Section 1 of this Amendment reads:
No State shall make or enforce any law which shall abridge the privileges or immunities of citizens of the United States; nor shall any State deprive any person of life, liberty, or property, without due process of law; nor deny to any person within its jurisdiction the equal protection of the laws.
And one would think, wonderful. But then the Supreme Court fucked it up and made this amendment really not mean anything for 40 years. But then in 1925, the Court decides a case called Gitlow v. New York where they decide that the "Liberty Clause" in the 14th Amendment now dictates that the First Amendment applies to the states. Because it's "liberty" or something. We call this at the gay communist universities the incorporation doctrine. Eventually, all of the Bill of Rights becomes incorporated by the 70s, but Nixon was too busy breaking every law EVER to notice (Actually, he was busy appointing justices who will eventually turn their back on everything he believes, much like America did to him).

Now you might say, why the fuck would you use the liberty interest and not the privileges and immunities clause to incorporate, it only seems, you know, LITERAL. But no one knows. The end (They do, but honestly, if you are that interested use the google).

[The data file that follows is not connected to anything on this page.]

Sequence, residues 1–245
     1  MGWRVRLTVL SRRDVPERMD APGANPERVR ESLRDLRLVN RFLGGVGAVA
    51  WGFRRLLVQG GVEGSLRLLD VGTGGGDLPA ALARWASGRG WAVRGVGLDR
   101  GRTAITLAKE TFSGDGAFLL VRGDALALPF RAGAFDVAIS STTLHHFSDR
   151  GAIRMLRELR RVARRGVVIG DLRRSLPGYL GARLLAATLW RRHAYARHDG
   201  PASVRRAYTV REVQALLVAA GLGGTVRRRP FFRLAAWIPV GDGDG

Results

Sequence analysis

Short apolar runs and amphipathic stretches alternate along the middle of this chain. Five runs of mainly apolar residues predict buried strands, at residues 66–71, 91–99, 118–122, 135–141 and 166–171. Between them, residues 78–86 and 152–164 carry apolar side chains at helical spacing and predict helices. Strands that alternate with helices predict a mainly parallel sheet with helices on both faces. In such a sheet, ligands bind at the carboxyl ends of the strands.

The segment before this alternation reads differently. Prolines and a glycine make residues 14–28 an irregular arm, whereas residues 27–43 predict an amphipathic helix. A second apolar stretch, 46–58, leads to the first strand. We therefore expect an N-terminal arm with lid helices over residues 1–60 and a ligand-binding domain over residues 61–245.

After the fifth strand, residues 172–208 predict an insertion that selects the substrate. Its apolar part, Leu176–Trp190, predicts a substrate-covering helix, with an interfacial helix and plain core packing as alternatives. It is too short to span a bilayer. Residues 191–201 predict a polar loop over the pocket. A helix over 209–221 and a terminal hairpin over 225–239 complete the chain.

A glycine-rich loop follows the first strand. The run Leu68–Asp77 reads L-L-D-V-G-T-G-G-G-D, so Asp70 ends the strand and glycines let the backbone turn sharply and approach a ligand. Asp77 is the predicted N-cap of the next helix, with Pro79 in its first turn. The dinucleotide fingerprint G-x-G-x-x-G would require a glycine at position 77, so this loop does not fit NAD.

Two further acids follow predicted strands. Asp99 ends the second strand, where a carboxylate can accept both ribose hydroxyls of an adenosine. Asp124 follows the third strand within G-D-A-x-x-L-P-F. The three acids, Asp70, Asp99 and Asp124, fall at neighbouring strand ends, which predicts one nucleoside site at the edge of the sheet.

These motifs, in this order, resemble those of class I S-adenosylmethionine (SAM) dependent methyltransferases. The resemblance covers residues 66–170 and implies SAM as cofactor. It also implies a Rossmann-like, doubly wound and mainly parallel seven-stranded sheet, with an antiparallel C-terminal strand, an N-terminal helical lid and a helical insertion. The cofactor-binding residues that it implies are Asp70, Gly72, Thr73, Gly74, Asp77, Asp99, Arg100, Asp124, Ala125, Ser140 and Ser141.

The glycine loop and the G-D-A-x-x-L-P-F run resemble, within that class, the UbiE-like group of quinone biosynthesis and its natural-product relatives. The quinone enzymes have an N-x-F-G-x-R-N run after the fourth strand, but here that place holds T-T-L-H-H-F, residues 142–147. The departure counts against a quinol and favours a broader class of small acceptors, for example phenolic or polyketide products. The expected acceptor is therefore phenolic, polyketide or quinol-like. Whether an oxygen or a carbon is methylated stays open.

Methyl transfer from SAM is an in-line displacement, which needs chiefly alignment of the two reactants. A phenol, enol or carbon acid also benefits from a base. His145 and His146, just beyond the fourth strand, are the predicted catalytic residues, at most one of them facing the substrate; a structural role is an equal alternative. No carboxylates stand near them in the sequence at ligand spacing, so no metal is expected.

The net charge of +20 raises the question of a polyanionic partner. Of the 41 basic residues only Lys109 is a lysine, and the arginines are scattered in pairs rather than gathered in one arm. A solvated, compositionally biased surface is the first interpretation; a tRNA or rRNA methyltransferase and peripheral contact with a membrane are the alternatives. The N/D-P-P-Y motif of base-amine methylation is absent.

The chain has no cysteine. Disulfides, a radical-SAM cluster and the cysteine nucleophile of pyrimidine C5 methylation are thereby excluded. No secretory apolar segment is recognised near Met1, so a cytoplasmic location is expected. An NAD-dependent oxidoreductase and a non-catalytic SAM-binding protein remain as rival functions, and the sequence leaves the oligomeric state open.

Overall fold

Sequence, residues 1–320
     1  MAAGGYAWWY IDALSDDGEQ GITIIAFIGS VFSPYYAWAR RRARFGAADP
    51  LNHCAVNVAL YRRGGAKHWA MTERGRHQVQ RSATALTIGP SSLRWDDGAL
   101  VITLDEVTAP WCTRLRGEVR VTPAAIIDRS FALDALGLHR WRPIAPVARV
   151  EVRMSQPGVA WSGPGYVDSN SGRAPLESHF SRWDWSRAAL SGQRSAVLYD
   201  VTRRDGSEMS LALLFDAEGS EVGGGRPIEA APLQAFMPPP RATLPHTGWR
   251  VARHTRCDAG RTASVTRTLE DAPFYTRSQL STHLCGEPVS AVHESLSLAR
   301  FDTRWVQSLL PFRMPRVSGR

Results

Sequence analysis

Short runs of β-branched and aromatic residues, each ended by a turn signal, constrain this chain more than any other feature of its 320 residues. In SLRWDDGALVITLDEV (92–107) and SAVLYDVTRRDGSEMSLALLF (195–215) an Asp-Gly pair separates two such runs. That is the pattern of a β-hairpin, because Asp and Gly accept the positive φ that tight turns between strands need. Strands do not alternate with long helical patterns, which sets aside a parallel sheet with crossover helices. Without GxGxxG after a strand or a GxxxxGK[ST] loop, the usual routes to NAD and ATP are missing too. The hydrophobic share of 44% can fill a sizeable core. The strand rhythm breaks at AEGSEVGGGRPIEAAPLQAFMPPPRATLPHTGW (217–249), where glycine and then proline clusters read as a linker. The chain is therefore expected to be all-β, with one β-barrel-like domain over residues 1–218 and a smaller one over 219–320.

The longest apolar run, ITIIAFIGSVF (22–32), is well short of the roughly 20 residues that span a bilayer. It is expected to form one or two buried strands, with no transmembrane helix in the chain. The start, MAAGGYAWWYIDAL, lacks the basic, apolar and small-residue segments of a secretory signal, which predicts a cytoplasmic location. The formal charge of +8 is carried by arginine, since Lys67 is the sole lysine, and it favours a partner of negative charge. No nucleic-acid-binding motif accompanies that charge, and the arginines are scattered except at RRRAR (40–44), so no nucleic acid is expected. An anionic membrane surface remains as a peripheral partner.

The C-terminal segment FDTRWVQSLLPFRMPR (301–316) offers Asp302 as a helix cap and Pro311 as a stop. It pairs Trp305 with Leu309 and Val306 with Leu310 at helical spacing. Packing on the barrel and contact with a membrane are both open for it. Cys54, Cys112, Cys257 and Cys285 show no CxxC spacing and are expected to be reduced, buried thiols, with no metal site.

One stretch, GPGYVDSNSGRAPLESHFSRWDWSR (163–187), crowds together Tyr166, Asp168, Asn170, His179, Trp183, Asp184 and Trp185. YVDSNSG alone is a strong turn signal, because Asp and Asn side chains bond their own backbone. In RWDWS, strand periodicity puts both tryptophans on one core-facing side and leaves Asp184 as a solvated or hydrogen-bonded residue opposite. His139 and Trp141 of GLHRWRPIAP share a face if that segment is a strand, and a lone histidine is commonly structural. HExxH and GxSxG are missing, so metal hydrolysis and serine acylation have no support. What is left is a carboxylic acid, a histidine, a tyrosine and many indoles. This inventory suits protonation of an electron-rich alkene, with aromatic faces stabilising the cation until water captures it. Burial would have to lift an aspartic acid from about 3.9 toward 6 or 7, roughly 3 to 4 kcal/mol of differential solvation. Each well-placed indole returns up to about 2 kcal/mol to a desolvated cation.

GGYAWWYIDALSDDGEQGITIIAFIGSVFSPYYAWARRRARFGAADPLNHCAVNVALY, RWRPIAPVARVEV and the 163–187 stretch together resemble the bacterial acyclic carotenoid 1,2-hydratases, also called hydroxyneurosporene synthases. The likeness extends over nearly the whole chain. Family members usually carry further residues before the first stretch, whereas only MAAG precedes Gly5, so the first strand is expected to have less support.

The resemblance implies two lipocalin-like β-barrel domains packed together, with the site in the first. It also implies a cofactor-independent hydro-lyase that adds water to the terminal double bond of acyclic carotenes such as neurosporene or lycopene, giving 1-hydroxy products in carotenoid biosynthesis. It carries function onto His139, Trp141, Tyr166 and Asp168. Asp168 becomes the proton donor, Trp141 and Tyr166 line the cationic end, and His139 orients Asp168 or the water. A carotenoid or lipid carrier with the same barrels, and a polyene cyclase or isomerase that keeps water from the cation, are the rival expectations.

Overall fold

So the First Amendment now applies to the states and federal government, preventing the legislatures of the individual states and the federal government from enacting any legislation which abridges the freedom of speech. This law develops over the course of the twentieth century, where several justices begin to interpret the constitution in a variety of ways. The most intellectually convincing of these interpretations, to me, is that of the literalist.

Justice Hugo Black pioneered this novel concept of ACTUALLY READING THE WORDS instead of just saying what ‘what the fuck ever’ and pretending things were in the constitution that may, or may not, be there. Now, I understand the entire game of constitutional interpretation is largely an academic exercise. But because of the authority of the court, and the awesome power of striking down legislation which is in conflict with the founding document, it’s very relevant to our democratic system to utilize some sort of principles when reading the Constitution, especially when considering whether a law is void because it runs against the words and principles of that document.